USDA-guaranteed home loans can fund only owner-occupied primary residences. Borrowers must also:

  • Be a U.S. citizen or permanent resident.

  • Have a proven history of dependable income.

  • Have a credit history that demonstrates a reliable ability to repay debts, and a score of at least 640 to qualify for streamlined processing. Borrowers without credit history can be evaluated through alternative criteria. 

The monthly payment on the loan — including principal, interest, insurance and taxes — must be 29% or less of the borrower’s monthly income. Other monthly debt payments cannot exceed 41% of the borrower’s income.

Qualifying for a Single Family Housing Direct Home Loan

The USDA also directly issues loans to certain low-income borrowers. To qualify for a Single Family Housing Direct Home Loan, borrowers must:

  • Meet income limits, which are designated by county and metro area. Limits can be found here.

  • Currently be without “decent, safe, and sanitary” housing.

  • Be unable to meet the qualifications necessary to obtain another kind of mortgage.

  • Be a U.S. citizen or eligible noncitizen. 

Borrowers who have been prohibited from federal programs won’t be eligible for a Single Family Housing Direct Home Loan, and this mortgage can’t be used to finance a property that is valued above the area’s loan limit. 

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Ways to get the best USDA mortgage rates

When you’re shopping for a USDA loan, it’s smart to make sure your financials are in as good a shape as possible. This means pulling your credit reports from the three main credit reporting agencies — Experian, Equifax and TransUnion — and addressing any errors you find. You might also pay down any larger balances, which has the added benefit of improving your debt-to-income ratio. USDA loans might have more lenient requirements than some other loan types, but having a better credit score and DTI will likely net you a better rate.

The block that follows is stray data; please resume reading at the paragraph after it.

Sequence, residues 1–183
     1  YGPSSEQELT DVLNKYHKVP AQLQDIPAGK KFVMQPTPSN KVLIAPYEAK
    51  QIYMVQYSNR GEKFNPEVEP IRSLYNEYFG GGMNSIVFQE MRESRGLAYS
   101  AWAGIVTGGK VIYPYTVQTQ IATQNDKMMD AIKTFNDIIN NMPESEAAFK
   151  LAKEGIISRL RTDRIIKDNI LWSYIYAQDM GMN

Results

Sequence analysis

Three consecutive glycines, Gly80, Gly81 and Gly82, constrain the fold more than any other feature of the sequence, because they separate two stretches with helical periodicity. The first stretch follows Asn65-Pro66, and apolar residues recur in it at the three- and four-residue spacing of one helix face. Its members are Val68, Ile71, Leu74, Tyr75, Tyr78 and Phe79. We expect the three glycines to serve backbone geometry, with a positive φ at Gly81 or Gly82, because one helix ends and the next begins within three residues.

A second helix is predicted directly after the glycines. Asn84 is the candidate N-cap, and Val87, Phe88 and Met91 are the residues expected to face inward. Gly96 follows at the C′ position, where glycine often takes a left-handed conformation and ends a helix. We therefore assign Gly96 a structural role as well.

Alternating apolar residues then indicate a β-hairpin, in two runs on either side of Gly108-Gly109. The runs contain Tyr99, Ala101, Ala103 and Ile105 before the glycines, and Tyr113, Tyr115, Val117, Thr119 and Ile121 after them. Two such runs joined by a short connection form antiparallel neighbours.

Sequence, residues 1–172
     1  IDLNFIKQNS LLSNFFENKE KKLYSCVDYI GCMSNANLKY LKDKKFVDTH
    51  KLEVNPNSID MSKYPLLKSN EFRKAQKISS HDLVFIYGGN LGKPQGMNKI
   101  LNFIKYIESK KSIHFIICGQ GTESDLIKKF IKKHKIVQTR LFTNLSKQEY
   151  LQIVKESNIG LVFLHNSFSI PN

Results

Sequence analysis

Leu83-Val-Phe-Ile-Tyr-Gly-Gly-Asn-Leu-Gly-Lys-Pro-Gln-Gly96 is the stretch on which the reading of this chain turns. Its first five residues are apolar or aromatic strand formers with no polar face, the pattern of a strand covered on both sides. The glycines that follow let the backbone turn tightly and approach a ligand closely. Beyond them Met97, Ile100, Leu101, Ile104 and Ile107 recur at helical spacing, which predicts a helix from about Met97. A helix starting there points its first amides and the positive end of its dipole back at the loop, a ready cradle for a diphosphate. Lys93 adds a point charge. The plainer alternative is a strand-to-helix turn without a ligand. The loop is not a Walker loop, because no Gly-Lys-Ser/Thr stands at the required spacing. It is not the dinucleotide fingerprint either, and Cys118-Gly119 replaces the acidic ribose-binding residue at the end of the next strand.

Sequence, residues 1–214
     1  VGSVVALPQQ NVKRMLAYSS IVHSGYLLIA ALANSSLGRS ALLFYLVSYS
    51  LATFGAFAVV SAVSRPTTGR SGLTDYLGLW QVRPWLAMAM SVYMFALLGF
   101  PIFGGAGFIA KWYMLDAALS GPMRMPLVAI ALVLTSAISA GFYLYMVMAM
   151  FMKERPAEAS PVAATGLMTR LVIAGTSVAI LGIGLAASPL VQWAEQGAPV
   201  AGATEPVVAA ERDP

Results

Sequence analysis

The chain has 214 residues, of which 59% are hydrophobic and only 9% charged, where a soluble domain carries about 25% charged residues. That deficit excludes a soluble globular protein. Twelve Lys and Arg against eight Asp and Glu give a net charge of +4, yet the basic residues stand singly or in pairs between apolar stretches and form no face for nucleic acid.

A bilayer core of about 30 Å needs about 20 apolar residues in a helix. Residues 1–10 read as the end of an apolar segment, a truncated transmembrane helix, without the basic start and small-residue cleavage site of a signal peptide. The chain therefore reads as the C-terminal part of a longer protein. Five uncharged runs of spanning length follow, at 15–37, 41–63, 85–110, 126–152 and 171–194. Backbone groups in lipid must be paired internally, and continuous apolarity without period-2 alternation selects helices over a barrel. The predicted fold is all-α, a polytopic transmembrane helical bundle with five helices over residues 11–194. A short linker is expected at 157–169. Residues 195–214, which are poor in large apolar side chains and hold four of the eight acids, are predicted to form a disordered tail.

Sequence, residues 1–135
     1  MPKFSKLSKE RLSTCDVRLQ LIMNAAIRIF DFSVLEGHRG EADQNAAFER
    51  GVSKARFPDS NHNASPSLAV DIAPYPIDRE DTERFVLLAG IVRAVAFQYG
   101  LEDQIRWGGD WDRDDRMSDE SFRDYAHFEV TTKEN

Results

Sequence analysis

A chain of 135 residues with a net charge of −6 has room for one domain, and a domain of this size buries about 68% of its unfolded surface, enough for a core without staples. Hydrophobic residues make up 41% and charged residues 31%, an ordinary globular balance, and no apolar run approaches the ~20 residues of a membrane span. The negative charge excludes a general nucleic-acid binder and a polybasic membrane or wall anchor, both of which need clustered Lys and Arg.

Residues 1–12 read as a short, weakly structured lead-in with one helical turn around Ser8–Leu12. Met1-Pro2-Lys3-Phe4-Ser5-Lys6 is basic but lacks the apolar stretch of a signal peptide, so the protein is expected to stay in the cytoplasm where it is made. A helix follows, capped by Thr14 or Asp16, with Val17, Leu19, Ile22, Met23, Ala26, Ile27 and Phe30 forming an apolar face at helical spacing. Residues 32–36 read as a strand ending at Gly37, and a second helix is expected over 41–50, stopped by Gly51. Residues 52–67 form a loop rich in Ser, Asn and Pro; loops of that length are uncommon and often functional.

USDA loans are notable for not requiring a down payment, but if you’re able to make one, you’ll look like a safer candidate to lenders. This is also likely to get you lower rate offers.

Once you’re feeling confident about your application, compare mortgage rates between at least three USDA lenders. Even small differences in the rate you pay could save you — or cost you — thousands of dollars over the term of a home loan. And while you’re comparing lenders, look into first-time home buyer programs offered by your state’s housing authority. Many of these nonprofit agencies offer down payment and closing cost assistance in the form of grants.

Frequently asked questions

Borrowers who meet the USDA’s minimum criteria and who want to live in an approved area may find that a USDA loan is their best path to homeownership. Alternatively, qualified borrowers may also explore FHA loans, or proprietary loan programs from lenders that specialize in working with low-income borrowers.

While USDA loans can be great choices for qualified borrowers, others may feel restricted in their home search by geographic and price limitations. Income limits may also box out borrowers who would otherwise be interested in a USDA loan.

To apply for a USDA-backed loan, talk to a participating lender. If you’re interested in a USDA direct mortgage or home improvement loan or grant, contact your state’s USDA office.